Artists, do you know your rights?
“I’m a musician,” you might be thinking. “I’m just supposed to write, perform, and record songs. Why should I care about the legalities?”
In an ideal world, you’re right, you would never have to worry about things like copyrights, trademarks, and the like. But unfortunately, it’s pretty essential to have a working knowledge of at least the basics.
There is a lot of information out there, and some of it can be hard to understand. That’s why we’ve tried to simplify and provide you with some of the most important things you should know.
Let’s Talk About Intellectual Property
First, let’s start with what intellectual property is. Oxford Languages defines it as “a work or invention that is the result of creativity, such as a manuscript or a design, to which one has rights and for which one may apply for a patent, copyright, trademark, etc.”
We can simplify this a bit: intellectual property is any product that comes from human intellect. So those songs you right? They’re your intellectual property.
Of course, you want to protect that intellectual property – the last thing you want is for someone to take your creative ideas, pass them off as their own, and profit off of them.
But how do you do that?
Well, there are four different ways to protect your intellectual property: trade secrets, patent, copyright, and trademark.
Trade secrets are “specific, private information that is important to a business.” It gives that business an edge in its marketplace. Some examples of this type of intellectual property include recipes, new inventions, software, and sometimes even digital marketing strategies.
When you have trade secret protections, no one can copy or steal your intellectual property. However, trade secrets are a little different from other protections: you don’t need an official registration to have your trade secrets protected. But you do have to “actively behave in a manner that demonstrates their desire to protect the information.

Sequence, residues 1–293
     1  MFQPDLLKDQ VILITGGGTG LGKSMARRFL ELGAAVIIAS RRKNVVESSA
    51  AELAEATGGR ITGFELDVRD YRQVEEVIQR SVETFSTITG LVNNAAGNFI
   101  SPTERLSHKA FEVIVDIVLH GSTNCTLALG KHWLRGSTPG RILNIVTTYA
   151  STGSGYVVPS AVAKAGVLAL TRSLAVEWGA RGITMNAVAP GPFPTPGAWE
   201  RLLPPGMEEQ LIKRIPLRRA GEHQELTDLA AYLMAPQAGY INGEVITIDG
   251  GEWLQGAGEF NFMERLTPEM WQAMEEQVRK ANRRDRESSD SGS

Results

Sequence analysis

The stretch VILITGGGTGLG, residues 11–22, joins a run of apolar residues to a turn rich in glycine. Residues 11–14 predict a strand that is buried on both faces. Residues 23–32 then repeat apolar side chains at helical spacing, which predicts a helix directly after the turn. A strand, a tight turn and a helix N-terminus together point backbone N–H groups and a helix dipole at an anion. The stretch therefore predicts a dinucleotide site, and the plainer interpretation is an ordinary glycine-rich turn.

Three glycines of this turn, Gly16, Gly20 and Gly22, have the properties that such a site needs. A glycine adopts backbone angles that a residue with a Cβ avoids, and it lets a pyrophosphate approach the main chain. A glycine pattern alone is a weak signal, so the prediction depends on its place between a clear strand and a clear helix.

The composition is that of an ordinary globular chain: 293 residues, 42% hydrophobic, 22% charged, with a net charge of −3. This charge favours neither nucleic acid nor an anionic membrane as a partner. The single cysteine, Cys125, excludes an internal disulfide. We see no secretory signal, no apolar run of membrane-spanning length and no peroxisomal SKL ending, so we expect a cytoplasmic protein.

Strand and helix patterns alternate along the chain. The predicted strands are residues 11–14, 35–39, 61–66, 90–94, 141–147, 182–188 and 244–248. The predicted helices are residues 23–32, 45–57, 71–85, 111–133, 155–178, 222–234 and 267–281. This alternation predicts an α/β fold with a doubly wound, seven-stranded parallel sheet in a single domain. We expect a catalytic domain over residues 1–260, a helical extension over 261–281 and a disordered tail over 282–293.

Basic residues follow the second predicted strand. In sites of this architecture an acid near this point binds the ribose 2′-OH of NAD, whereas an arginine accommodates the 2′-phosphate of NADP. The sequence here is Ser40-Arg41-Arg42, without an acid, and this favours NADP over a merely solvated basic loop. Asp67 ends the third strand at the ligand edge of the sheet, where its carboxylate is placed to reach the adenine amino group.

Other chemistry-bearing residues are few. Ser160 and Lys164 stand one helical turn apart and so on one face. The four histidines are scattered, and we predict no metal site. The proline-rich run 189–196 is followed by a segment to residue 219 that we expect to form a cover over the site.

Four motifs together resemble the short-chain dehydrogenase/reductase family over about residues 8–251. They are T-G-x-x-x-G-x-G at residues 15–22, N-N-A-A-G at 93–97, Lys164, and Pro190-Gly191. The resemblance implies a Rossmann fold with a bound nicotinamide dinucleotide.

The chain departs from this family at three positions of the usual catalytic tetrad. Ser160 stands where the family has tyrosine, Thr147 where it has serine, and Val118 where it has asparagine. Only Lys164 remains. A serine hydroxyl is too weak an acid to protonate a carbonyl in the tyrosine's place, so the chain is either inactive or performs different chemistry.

There are plenty of trade secrets in the industry, but specifically, things like fan lists, venue contracts, and other closely guarded information fall into this category.
You might be a little more familiar with patents. According to the US Patent and Trademark Office (USPTO), this is “a limited duration property right relating to an invention, granted by the United States Patent and Trademark Office in exchange for public disclosure of the invention.”
When you hold a patent, it means the law prevents others from selling or making the product.
As musicians, you probably won’t need a patent: songs don’t qualify as inventions. However, if you were to create your own musical instrument, you would definitely benefit from a patent.
No doubt, you’ve heard of copyrights once, twice or a thousand times as a creative, and it will probably be the most relevant form of intellectual property for you. But what does it really mean?
A copyright protects original works of authorship. This includes literary works, art, and music, among other things.
Here’s what you need to know:
The moment you create something, it is yours. This means copyright protections are automatic. As such, you don’t have to register your piece of music to receive copyright protections – it’s already there. However, that doesn’t mean you shouldn’t formally register a copyright. If someone infringes on your copyright and you’d like to take legal action, you’ll have to register it anyway.
Unlike patents and copyrights, which largely protect fleshed out inventions and creations, trademarks apply more to phrases, words, or symbols. These are used to distinguish a certain brand or product from another.
For musicians, registering a trademark provides legal entitlement to phrases or lyrics. This means the trademark owner has the ability to stop the sale of any items that appear to originate from them or their lyrics.
Trademarks also come in handy when it comes to names. Band names, stage names, and even real names can be trademarked.
Who Handles These Rights?